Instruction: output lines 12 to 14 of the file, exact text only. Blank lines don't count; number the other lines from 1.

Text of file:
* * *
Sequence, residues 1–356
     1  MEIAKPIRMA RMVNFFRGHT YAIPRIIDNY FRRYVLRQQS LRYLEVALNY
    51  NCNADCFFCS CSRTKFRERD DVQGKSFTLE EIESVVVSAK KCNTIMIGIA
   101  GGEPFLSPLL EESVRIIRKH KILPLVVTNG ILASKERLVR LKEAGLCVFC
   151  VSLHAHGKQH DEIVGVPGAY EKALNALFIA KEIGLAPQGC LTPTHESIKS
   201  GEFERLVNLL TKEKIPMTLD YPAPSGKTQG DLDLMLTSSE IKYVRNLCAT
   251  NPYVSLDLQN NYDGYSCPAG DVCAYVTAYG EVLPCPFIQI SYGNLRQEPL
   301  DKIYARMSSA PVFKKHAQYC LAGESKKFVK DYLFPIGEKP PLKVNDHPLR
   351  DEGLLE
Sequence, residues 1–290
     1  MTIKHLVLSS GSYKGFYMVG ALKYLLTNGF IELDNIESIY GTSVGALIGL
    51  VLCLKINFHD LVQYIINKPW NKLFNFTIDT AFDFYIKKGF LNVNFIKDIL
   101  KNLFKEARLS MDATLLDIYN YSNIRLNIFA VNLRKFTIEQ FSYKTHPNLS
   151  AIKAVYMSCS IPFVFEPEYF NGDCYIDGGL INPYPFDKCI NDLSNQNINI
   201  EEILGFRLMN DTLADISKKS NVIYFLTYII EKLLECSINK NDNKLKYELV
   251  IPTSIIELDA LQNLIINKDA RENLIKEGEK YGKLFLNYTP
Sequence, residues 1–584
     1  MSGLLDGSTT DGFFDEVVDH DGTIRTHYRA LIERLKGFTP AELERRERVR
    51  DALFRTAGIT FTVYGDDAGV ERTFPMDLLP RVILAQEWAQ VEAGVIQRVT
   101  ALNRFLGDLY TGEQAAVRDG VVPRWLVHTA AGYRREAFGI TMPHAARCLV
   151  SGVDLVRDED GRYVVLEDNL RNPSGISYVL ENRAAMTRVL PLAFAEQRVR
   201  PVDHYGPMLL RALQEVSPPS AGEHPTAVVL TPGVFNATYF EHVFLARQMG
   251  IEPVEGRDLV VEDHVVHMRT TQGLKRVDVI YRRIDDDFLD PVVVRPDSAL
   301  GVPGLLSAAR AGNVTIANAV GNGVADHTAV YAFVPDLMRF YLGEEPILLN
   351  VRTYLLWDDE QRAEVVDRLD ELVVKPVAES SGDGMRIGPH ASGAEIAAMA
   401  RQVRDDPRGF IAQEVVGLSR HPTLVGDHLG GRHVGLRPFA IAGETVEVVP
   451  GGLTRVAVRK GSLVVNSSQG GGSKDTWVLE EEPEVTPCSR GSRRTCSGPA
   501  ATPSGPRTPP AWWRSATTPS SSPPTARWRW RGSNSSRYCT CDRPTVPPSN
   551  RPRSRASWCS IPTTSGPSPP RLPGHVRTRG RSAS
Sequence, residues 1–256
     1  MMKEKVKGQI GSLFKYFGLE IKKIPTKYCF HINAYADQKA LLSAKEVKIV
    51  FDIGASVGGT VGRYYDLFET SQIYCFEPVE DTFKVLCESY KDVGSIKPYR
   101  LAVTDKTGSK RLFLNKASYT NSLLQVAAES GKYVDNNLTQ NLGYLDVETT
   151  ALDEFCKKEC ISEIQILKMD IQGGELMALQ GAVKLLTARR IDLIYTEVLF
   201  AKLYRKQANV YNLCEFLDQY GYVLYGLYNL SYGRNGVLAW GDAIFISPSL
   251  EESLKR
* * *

    51  VLCLKINFHD LVQYIINKPW NKLFNFTIDT AFDFYIKKGF LNVNFIKDIL
   101  KNLFKEARLS MDATLLDIYN YSNIRLNIFA VNLRKFTIEQ FSYKTHPNLS
   151  AIKAVYMSCS IPFVFEPEYF NGDCYIDGGL INPYPFDKCI NDLSNQNINI